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Phonics and Spelling - · PDF file©2009 University of Texas System/Texas Education Agency 1TRA: Phonics and Spelling Handout 4 (1 of 3) Guidelines for Teaching Letter-Sound Correspondences

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  • Phonics and

    Spelling

    First Grade Teacher Reading Academy

    These materials are copyrighted by and are the property of the University of Texas System and the Texas Education Agency. 2009

  • Handout 1 (1 of 17)1TRA: Phonics and Spelling

    Reprinted with permission. Copyright 1992 by Neuhaus Education Center, Bellaire, TX. All rights reserved. 1-713-664-7676. www.neuhaus.org.

    2009 University of Texas System/Texas Education Agency

    http:www.neuhaus.org

  • Handout 1 (2 of 17)1TRA: Phonics and Spelling

    2009 University of Texas System/Texas Education Agency

  • Handout 1 (3 of 17)1TRA: Phonics and Spelling

    2009 University of Texas System/Texas Education Agency

  • Handout 1 (4 of 17)1TRA: Phonics and Spelling

    2009 University of Texas System/Texas Education Agency

  • Handout 1 (5 of 17)1TRA: Phonics and Spelling

    2009 University of Texas System/Texas Education Agency

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    2009 University of Texas System/Texas Education Agency

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    2009 University of Texas System/Texas Education Agency

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    2009 University of Texas System/Texas Education Agency

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    2009 University of Texas System/Texas Education Agency

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    2009 University of Texas System/Texas Education Agency

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    2009 University of Texas System/Texas Education Agency

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    2009 University of Texas System/Texas Education Agency

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    2009 University of Texas System/Texas Education Agency

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    2009 University of Texas System/Texas Education Agency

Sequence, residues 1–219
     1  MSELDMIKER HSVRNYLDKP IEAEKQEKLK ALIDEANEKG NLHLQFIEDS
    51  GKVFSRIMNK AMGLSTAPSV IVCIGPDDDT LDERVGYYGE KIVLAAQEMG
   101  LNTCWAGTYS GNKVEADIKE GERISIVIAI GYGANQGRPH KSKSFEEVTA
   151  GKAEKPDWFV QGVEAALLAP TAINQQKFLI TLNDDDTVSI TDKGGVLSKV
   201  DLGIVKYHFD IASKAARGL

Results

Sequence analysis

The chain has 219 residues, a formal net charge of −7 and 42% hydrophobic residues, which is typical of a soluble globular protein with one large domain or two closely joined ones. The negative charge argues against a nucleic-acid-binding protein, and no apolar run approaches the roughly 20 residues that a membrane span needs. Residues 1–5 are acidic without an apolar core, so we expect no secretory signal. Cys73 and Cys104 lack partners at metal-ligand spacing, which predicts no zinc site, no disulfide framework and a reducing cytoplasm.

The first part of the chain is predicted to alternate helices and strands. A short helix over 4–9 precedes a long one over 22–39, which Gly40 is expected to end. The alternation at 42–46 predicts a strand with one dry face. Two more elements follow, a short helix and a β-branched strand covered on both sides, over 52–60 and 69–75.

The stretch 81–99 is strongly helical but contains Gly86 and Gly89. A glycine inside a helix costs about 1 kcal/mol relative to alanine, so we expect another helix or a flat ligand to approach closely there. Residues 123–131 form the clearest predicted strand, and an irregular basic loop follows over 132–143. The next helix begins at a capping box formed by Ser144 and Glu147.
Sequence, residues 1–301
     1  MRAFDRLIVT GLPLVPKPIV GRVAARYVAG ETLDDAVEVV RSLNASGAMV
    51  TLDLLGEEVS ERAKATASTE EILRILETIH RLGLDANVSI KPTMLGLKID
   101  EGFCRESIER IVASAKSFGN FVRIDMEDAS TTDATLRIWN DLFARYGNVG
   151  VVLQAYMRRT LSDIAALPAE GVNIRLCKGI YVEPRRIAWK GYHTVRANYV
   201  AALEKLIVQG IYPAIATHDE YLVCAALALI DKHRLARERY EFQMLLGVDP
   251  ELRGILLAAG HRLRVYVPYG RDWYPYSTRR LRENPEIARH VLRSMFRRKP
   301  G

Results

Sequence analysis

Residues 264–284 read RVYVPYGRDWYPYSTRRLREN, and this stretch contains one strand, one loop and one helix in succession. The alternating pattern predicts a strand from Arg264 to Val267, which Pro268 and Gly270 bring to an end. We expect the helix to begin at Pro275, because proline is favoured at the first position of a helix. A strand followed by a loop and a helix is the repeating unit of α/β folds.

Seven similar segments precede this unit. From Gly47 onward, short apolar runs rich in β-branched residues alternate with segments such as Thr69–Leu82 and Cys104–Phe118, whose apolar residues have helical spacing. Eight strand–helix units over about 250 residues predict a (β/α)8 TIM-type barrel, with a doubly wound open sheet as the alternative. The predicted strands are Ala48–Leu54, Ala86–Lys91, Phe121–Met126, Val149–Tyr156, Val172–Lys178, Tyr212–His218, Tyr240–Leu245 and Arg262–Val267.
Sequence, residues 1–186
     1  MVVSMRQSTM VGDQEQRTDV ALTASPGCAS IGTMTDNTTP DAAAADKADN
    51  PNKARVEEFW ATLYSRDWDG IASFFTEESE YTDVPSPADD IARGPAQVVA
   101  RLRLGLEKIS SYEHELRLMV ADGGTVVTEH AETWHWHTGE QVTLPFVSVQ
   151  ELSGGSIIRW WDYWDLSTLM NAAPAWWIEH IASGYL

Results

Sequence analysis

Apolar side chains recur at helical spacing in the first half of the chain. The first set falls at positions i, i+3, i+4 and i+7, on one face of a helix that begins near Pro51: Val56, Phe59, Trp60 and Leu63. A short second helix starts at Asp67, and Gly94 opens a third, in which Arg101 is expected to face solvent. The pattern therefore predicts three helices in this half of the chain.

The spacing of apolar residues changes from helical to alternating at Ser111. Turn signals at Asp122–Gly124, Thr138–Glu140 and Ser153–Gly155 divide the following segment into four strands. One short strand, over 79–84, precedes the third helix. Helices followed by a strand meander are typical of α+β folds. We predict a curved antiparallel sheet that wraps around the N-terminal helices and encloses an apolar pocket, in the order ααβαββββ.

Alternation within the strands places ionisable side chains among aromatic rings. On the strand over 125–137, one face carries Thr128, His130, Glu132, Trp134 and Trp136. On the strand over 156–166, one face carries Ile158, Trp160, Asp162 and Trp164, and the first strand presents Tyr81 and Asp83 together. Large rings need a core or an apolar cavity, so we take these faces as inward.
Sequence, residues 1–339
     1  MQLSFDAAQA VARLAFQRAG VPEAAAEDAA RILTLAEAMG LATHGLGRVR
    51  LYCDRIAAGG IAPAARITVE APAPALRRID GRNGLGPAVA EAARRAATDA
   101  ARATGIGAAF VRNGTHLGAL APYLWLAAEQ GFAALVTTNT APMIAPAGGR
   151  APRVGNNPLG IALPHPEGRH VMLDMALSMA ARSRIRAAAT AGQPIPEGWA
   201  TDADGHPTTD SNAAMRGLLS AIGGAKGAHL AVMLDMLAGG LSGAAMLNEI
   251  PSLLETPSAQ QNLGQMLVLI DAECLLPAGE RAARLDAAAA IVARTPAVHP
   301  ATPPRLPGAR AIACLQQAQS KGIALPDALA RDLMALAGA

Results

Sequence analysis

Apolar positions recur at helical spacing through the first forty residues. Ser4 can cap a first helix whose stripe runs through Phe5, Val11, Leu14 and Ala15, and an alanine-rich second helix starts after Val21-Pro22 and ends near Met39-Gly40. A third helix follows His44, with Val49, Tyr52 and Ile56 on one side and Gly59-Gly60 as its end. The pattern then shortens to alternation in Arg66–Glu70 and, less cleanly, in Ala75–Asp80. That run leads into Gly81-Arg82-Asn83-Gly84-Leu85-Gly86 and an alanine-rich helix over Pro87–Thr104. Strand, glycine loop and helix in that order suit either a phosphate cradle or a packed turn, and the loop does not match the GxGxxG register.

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    2009 University of Texas System/Texas Education Agency

  • Handout 1 (17 of 17)1TRA: Phonics and Spelling

    2009 University of Texas System/Texas Education Agency

  • Handout 2 (1 of 3)1TRA: Phonics and Spelling

    2009 University of Texas System/Texas Education Agency

  • Handout 2 (2 of 3)1TRA: Phonics and Spelling

    2009 University of Texas System/Texas Education Agency

  • Handout 2 (3 of 3)1TRA: Phonics and Spelling

    2009 University of Texas System/Texas Education Agency

  • 2009 University of Texas System/Texas Education Agency

    1TRA: Phonics and Spelling Handout 3 (1 of 2)

    Model Lesson for the Alphabet Arc

    Objective: Students place three-dimensional letters in sequence around the arc. Materials: Alphabet Arc (English or Spanish); uppercase set of letters (English or Spanish)

    in a container

    Lets review the sequence of the alphabet. Say the letter as you touch it on the alphabet strip at the top of your arc. (Name letters with students.)

    Place all the letters on your desks.

    Say the letter name, find it on your desk, and place it on the arc.

    Lets do the first letter. Name it: A. Find it. Place it on the arc.

    Find the last letter. Name it: Z. Find it. Place it on the arc.

    English: Find the two middle letters. Name them: M, N. Find them. Place them on the arc. Spanish: Find the three middle letters. Name them: M, N, . Find them. Place them on the arc.

    Whats the next letter? Name it: B. Now, find it. Where do you place B on the arc?

    Thats right, place the B after the A. Finish placing the remaining letters on your arc in the correct order.

    Remember, say it, find it, and place it.

    When they have finished placing all the letters in their arcs, have them proofread by touching and naming each letter. They can use the alphabet strip at the top of the arc to help them self-check.)

    Lets put our letters back in the containers. Say the letters as you return them in sequence to the container.

  • 2009 University of Texas System/Texas Education Agency

    1TRA: Phonics and Spelling Handout 3 (2 of 2)

    Alphabet Mat Game: What Letter?

    Players: 2 Materials: 2 Alphabet Mats (English or Spanish); uppercase set of letters (English or

    Spanish) in a container

    With eyes closed, one of the students draws a letter from the container and tries to

    identify the letter by feeling its shape.

    If the student is correct, the letter is placed on its matching letter on the students Alphabet Mat.

    If the student is incorrect, the letter is correctly named and returned to the container. Shake up the letters.